Basically my entire design for the bathroom renovation was centered around the Sandberg Wallpaper in Zen White that you can see on my design board from Week 1. I first saw it in Emily’s powder room and have loved it ever since. I wallpapered the room with the vanities and the back wall behind the toilet because it is a focal point of the room.
Sandberg Wallpaper is non-woven, unpasted wallpaper, which has a specific application technique often called “paste the wall”. I read that this is the easiest type of wallpaper to apply. My only other experience with wallpaper was a peel-and-stick mural that we installed in a client’s home. After using this type of wallpaper, I definitely prefer it to peel-and-stick! I learned a lot when installing my Sandberg wallpaper, so I’m sharing my technique and tips and tricks that helped along the way. Here is the process:
- Zinsser Shieldz wallpaper primer
- Rough surface roller cover and roller
- Paint tray
- Roman Universal Wallpaper Adhesive
- Zinsser 4-in-1 tool
- Wallpaper smoother
- Razor with lots of blade refills (I preferred the type of utility knife that came with the wallpaper smoother above, but mine was cheap and it broke halfway through so I resorted to a more tradition utility knife and it worked fine too)
- Laser level
1. Prep your walls. I patched all nail holes and the holes where the vanity lights were previously hung. The Sandberg Wallpaper was nice and thick so it covered over certain imperfections in the walls, but I made sure the walls were as smooth was possible for proper adhesion. When I sanded the patches on the wall, I used my RZ M2 mesh mask.
I wish I had this mask a long time ago! It’s the first dusk mask I’ve ever had that actually fits comfortably AND work effectively. My walls were filthy and covered in many layers of dust from the tile demolition, so I wiped them down with a sponge and warm water (in my case, I wiped them down four times!). Then I primed the walls with Zinsser Shieldz wallpaper primer. Supposedly, this product makes hanging and removing wallpaper easier- I definitely believe that it made hanging the wallpaper easier! It also gave me peace of mind that my hard work in hanging the wallpaper wouldn’t be wasted. I would highly recommend this product!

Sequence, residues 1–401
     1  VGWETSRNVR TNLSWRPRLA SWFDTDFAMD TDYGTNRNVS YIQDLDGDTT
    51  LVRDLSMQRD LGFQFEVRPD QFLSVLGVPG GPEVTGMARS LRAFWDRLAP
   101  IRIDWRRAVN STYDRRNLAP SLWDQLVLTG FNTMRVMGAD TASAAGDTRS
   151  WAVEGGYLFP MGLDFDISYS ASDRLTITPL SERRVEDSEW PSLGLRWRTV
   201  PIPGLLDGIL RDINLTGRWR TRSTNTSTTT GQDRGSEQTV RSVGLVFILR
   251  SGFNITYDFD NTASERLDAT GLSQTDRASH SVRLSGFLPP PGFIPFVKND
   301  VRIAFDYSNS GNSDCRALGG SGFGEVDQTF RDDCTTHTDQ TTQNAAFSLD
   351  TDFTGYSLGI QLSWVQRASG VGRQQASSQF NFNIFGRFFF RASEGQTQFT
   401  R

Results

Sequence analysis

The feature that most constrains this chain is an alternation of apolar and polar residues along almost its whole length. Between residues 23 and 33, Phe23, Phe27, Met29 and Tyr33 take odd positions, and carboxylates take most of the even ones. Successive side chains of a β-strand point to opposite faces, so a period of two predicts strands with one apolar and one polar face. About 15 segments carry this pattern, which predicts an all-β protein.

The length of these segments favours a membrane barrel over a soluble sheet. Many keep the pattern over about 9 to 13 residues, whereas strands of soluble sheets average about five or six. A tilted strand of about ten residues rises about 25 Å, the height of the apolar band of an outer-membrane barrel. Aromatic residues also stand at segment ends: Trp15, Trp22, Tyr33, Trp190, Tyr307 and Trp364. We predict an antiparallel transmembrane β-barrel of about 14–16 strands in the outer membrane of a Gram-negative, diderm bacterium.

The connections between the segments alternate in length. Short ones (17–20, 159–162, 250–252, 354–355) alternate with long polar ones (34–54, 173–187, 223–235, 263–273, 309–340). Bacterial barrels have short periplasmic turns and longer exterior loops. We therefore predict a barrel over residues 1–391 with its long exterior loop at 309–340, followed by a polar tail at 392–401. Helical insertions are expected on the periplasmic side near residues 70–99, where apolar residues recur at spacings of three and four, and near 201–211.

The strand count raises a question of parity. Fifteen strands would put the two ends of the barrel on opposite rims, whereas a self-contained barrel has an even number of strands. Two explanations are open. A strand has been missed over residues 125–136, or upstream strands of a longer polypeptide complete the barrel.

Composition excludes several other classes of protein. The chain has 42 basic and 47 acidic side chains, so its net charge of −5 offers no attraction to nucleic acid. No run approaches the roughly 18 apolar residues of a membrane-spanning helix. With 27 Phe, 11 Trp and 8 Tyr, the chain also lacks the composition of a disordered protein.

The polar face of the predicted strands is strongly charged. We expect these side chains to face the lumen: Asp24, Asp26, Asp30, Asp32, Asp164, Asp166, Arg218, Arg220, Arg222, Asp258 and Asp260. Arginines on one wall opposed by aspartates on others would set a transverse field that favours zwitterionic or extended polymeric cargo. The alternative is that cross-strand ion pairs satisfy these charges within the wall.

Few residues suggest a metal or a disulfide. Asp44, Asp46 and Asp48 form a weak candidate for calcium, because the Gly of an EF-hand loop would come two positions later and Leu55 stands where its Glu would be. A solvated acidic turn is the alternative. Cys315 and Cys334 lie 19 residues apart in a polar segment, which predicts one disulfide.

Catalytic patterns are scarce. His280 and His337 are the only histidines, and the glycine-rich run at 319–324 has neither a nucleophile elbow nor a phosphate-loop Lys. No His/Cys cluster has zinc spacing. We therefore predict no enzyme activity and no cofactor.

2. Start in the most inconspicuous corner possible so that if you get all the way around the room and the pattern doesn’t match when you come back to the starting point, it won’t be noticeable. Fortunately, this was not an issue in my situation because two of the corners will be covered by floor-to-ceiling linen cabinets, so I started to the right of one corner where a linen cabinet will be and ended to the left of the corner without having to paper into the corner perfectly due to the linen cabinet. However, if you’re wallpapering an entire room, keep this in mind. Also, I preferred going around the room clockwise. In my mind, it was easier to work from left to right and match up the pattern that way.
3. Measure the width of the paper and set a laser level that distance over to the right of your starting point (or the edge of your last piece). My Bosch laser level was KEY to this project! The laser level will be your guide for hanging the paper absolutely straight every single time, which is of utmost importance. My wallpaper was just shy of 21″ wide, so I measured from the edge of the last piece and made a mark on the wall, then moved the laser level onto the mark. When I installed each panel, I made sure the panel lined up precisely with the laser level from top to bottom, and the panel automatically lined up with the previous panel as well since I used the laser level to get each panel straight every time.